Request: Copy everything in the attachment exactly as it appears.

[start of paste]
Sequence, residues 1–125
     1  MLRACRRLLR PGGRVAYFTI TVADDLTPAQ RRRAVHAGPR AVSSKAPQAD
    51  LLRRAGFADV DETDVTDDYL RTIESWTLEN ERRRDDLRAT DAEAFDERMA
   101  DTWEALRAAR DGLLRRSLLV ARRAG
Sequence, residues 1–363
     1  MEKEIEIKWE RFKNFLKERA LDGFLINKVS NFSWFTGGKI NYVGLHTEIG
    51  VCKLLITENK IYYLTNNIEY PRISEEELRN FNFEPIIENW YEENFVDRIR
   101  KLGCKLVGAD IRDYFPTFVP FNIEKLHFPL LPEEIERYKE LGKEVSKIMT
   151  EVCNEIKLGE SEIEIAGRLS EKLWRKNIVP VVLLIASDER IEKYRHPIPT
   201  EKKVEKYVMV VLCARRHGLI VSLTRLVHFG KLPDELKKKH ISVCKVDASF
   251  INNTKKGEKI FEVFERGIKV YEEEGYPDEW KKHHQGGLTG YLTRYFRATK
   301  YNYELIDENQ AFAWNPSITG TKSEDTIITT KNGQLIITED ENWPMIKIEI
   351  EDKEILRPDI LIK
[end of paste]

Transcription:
Sequence, residues 1–125
     1  MLRACRRLLR PGGRVAYFTI TVADDLTPAQ RRRAVHAGPR AVSSKAPQAD
    51  LLRRAGFADV DETDVTDDYL RTIESWTLEN ERRRDDLRAT DAEAFDERMA
   101  DTWEALRAAR DGLLRRSLLV ARRAG
Sequence, residues 1–363
     1  MEKEIEIKWE RFKNFLKERA LDGFLINKVS NFSWFTGGKI NYVGLHTEIG
    51  VCKLLITENK IYYLTNNIEY PRISEEELRN FNFEPIIENW YEENFVDRIR
   101  KLGCKLVGAD IRDYFPTFVP FNIEKLHFPL LPEEIERYKE LGKEVSKIMT
   151  EVCNEIKLGE SEIEIAGRLS EKLWRKNIVP VVLLIASDER IEKYRHPIPT
   201  EKKVEKYVMV VLCARRHGLI VSLTRLVHFG KLPDELKKKH ISVCKVDASF
   251  INNTKKGEKI FEVFERGIKV YEEEGYPDEW KKHHQGGLTG YLTRYFRATK
   301  YNYELIDENQ AFAWNPSITG TKSEDTIITT KNGQLIITED ENWPMIKIEI
   351  EDKEILRPDI LIK